What Can a Marketer Teach Us About [no-till] Farming?
Some of the most important farming advice I get comes from a popular marketing guru, who, seemingly, has never farmed.
Before we get going, if you don’t get Seth Godin’s blog in your inbox every morning, you’re missing out. I’m not a fan of getting subscription emails either, because they’re mostly waste of time, but I do get a few (including No-Till Growers, even though I write it, and you can get it too by entering your email on the right… ahem), and his is the only non-ag one. These are short, sometimes quite powerful, kaon-like ideas about rethinking marketing. BUT, I believe he, as a successful marketer—especially good at challenging preconceived notions of marketing—can show us how to reframe the question of no-till in small-scale farming. Let’s break down one of his more recent posts…
The best solution to a persistent, apparently non-solvable problem is to make the problem itself obsolete.
Go around it.
Cease to need it to be solved.
Redefine your process or goal so that the problem is no longer permitted to slow you down.
An unsolvable roadblock might be better called “reality.”
So, what’s the problem to begin with? I don’t believe I have to go into the "“tillerman’s folly” here. Everyone, for the most part, agrees that tillage is not good for the soil, including the NRCS. Most still believe it is—at best—a necessary evil. And they’re not wrong. If tillage stopped tomorrow, the world would run out of food shortly thereafter. What usually follows, though, is that many farmers—especially those growing vegetables on larger acreages—throw up their hands and at best dismiss, or at worst disparage, no-till practices. Tillage is, to them, an “unsolvable roadblock” or reality.
Let’s be clear, again, farmers who practice some tillage, who do so wisely, are not bad farmers. There are plenty of examples of farmers who till, make a good living, and improve the soil while they are at it. We still have a lot to learn from them, especially in the realm of integrating cover crops into intensive systems.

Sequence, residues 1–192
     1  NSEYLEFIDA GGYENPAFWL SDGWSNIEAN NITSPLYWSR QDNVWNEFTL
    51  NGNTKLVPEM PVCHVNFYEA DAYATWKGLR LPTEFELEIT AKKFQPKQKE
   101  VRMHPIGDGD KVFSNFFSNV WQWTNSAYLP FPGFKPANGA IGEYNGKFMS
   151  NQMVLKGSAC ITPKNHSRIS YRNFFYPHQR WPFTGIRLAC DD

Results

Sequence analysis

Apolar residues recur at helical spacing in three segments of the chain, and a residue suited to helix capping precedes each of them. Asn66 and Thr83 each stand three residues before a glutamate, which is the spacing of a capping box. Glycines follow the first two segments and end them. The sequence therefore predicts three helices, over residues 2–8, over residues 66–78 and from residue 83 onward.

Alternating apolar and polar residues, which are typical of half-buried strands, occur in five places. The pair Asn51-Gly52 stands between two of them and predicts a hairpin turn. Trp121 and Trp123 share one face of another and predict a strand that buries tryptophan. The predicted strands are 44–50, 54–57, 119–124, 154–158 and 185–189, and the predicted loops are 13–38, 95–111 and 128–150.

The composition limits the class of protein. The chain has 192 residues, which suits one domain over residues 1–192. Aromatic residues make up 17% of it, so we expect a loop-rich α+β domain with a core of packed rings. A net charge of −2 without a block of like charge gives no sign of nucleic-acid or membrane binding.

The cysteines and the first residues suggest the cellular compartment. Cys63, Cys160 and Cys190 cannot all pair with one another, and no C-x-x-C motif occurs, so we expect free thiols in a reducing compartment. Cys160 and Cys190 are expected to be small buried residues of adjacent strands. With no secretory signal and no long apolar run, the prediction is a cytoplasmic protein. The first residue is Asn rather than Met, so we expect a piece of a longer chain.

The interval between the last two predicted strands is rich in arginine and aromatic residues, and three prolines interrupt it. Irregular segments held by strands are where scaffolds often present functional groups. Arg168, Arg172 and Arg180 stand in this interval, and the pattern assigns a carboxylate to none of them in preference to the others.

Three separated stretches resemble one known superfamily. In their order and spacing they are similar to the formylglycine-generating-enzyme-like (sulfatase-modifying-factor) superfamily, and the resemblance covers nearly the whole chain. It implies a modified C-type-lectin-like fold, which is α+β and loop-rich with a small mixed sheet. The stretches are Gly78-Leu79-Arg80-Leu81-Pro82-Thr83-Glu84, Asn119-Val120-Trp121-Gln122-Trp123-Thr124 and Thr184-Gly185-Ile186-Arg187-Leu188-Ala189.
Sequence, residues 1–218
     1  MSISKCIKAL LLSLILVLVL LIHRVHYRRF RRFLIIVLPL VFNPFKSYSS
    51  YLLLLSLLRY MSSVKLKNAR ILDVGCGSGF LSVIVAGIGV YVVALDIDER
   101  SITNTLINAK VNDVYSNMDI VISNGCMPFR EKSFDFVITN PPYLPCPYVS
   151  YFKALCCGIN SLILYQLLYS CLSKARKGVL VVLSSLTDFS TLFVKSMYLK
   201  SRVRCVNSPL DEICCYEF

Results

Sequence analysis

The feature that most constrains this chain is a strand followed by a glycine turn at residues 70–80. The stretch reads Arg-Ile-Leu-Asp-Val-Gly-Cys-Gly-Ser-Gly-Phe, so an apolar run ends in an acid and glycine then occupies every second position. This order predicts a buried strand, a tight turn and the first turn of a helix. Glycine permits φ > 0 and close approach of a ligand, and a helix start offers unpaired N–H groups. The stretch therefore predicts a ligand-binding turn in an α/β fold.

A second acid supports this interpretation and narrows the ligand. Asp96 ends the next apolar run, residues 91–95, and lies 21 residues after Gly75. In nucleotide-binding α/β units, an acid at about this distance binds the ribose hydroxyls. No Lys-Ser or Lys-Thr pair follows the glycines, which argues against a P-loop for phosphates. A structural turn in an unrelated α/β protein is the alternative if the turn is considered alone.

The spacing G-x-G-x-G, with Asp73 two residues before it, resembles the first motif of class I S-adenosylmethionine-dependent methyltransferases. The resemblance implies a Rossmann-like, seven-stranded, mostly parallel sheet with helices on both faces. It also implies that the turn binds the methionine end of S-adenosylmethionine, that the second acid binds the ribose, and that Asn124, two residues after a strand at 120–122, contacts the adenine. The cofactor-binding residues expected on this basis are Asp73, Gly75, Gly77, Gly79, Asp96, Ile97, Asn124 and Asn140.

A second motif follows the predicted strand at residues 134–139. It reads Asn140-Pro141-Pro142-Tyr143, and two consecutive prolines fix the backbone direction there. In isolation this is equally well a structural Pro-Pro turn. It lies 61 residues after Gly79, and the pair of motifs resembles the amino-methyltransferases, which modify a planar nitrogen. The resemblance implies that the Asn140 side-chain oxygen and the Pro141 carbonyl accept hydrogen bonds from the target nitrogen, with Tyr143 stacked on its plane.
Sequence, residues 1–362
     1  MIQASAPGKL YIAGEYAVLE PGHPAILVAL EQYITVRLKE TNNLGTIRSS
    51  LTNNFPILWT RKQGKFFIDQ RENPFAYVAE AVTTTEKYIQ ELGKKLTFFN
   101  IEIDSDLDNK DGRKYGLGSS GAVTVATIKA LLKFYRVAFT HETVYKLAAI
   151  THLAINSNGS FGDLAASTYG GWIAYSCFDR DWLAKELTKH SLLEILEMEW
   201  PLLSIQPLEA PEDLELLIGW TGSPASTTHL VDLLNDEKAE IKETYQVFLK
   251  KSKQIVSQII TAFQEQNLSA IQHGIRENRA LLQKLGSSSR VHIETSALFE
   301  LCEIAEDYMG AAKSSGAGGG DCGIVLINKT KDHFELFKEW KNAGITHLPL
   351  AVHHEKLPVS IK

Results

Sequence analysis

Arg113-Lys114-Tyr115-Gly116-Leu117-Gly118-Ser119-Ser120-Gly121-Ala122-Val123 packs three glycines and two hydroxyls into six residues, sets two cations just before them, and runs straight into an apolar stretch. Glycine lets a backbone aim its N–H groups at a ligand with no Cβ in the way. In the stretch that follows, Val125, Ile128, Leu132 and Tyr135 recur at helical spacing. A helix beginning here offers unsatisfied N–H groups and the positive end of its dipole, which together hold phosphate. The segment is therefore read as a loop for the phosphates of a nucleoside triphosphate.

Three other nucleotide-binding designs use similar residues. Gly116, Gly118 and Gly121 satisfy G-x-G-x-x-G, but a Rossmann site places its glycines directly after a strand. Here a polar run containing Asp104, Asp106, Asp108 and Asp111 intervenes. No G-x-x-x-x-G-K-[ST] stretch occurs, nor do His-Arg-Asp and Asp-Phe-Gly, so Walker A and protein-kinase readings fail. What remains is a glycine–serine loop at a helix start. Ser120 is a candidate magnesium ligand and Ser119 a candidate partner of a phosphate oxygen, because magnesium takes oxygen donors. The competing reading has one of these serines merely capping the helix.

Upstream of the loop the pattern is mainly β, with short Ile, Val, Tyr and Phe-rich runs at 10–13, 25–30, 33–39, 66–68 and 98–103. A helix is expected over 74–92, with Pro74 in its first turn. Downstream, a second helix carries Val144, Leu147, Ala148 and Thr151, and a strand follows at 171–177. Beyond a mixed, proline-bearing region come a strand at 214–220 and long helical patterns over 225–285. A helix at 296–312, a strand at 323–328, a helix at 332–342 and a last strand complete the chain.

There are a growing number of farmers, though, that simply “go around” tillage. That’s what the No-Till Market Garden Podcast is about. Simply, because the principles are few: keep the soil covered as much as possible, keep it planted in something as often as possible, disturb the soil as little as possible, and grow as much diversity as possible—all while remaining profitable—but, it’s not so easy. No-till is not without it’s own problems. Just because we solve for tillage doesn’t mean the work is done. We are still redefining and refining our processes. But, we recognize the immense potential in terms of both ecology and economy at the heart of no-till and are willing to do the work, and take risk, to explore what is has to offer the greater farm community. You can look at our work, at No-Till Growers and the greater no/low-till community, this way:..
I hope we can all agree that the long run is made up of a bunch of short runs.
That seems obvious.
The surprising thing is that we live our short runs as if that isn’t true.
Every bed, every experiment, every year is a short run. At this very moment, I—myself—am suffering simultaneously from analysis paralysis and perfectionism. I forget that each iteration of the development of my particular no-till system is a short run. We’re not even out of March and I’ve already botched, I mean, learned several lessons. The long run is the quality of my farm and life ten years from now. But, within the no-till movement (as much as I hate that word, it’s fitting), my farm is a short run to my idea of better, more resllient, farming in the future. Likewise, the podcast, these posts, are short runs. The long run? Connect farmers with systems of growing, and to one another, that improve their quality of life and the health of their soil by solving for tillage. To make tillage a tool and not a necessity. A choice and not a given. In a word, obsolete.